The movie “N is a Number” is another movie based on a very unique mathematician, specifically Paul Erdos—a drug addict. Erdos used amphetamines as a strategy to improve his productivity in exploring mathematics, and his strategy worked (Wikipedia). There are many more movies with equally weird brilliant people with a propensity towards mathematics.
Not all mathematicians have been strange, but most have (opinion). It is also important to realize that there have been many mathematicians or pseudo mathematicians in history. So, the probability of having some peculiar folk is highly likely. When one has compared the history of other disciplines to mathematics—from my own biased sampling—one will find that there tends to be a greater reported quantity of strangeness amongst numberphiles. It is also important to point out that even though math minded people may act bizarre in some aspects, overall in the rote events of life, they tend to have made wiser and more logical choices than the average person (this is purely my opinion). We could also count our Professor Dr. Evelyn Lamb as another living example of a mathematician’s uniqueness.
This blog was not meant to propagate the idea that one must be born with an aptitude for mathematics. This blog also doesn’t intend to further the erroneous belief that one must have the right brain to be a mathematician, or that a hard-worker and dedication person couldn’t be a mathematician without some given aptitude (Klemm). The idea of this paper was that anyone who seeks the knowledge of mathematics successfully was changed mentally in such a way that most societies would deem abnormal.
On behalf of all the students to ever take a history of mathematics course thank you kooky wonky masters of the universe for making our textbook even more interesting than it would otherwise be.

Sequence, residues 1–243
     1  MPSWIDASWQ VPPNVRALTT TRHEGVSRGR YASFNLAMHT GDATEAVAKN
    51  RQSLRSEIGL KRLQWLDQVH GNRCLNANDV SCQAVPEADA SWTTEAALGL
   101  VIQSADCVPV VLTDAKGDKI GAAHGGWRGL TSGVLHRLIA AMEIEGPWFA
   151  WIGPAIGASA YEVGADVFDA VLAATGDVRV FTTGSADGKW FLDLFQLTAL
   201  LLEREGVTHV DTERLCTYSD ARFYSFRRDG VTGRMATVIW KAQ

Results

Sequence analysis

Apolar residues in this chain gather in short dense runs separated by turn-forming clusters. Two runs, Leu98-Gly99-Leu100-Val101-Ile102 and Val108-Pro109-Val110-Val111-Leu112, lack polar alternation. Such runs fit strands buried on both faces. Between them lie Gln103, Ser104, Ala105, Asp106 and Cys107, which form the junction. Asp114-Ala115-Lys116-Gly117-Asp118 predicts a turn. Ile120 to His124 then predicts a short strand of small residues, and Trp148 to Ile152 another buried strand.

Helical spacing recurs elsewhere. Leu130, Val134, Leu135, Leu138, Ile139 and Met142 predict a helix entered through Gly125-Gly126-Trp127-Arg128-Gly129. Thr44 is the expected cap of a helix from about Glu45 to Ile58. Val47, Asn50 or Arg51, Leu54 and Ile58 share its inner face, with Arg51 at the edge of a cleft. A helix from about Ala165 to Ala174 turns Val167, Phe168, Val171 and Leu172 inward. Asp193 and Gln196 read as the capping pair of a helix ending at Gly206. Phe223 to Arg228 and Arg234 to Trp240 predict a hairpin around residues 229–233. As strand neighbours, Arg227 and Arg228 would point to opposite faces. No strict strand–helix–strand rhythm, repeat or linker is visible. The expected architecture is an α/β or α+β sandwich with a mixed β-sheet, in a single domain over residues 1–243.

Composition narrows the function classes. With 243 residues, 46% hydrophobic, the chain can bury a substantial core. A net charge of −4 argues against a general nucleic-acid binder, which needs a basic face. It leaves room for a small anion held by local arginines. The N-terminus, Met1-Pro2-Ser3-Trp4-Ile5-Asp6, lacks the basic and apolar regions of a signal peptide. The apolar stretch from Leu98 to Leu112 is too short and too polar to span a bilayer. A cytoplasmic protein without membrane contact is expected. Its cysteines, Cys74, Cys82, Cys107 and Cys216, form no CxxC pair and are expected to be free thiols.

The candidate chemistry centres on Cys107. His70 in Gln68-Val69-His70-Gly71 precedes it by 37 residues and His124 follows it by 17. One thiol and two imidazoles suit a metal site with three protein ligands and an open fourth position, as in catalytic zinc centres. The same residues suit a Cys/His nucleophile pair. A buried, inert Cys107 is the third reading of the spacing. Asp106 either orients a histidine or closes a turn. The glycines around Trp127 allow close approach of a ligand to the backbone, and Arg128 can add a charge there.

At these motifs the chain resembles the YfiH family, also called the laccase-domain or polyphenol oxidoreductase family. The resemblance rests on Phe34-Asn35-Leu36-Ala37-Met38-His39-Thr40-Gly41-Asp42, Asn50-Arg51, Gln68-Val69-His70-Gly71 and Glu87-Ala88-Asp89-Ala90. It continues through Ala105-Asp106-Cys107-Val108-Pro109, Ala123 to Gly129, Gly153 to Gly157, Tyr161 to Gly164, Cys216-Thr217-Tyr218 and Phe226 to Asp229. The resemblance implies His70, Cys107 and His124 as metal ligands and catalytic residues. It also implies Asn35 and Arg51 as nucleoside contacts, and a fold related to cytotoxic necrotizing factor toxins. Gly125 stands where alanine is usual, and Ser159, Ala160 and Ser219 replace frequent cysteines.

No formal scientific studies could be found on the common behaviors of mathematicians.
Derbyshire, John. The Unknown Quantity: A Brief History of Algebra. Washington, DC: Joseph
Henry, 506. Print.
“John Forbes Nash, Jr.” Wikipedia. Wikimedia Foundation, 17 Jan. 2015. Web. 25 Jan. 2015.
Kaplan, Robert, and Ellen Kaplan. The Art of the Infinite: The Pleasures of Mathematics.
Oxford: Oxford UP, 2003. Print.
Klemm, W. R. Memory Power 101: A Comprehensive Guide to Better Learning for Students,
Businesspeople, and Seniors. New York, NY: Skyhorse Pub., 2012. Print.
Laubenbacher, Reinhard, and David Pengelley. Mathematical Expedtions: Chronicles by the
Explorers. New York: Springer, 1999. Print.
Maor, Eli. E: The Story of a Number. Princeton, N.J.: Princeton UP, 1994. Print.
“Mary Somerville.” Wikipedia. Wikimedia Foundation. Web. 14 Feb. 2015.
“Paul Erdos.” Wikipedia. Wikimedia Foundation, 18 Jan. 2015. Web. 25 Jan. 2015.
Seife, Charles. Zero: The Biography of a Dangerous Idea. New York: Viking, 2000. Print.
“Sophie Germain.” Wikipedia. Wikimedia Foundation. Web. 14 Feb. 2015.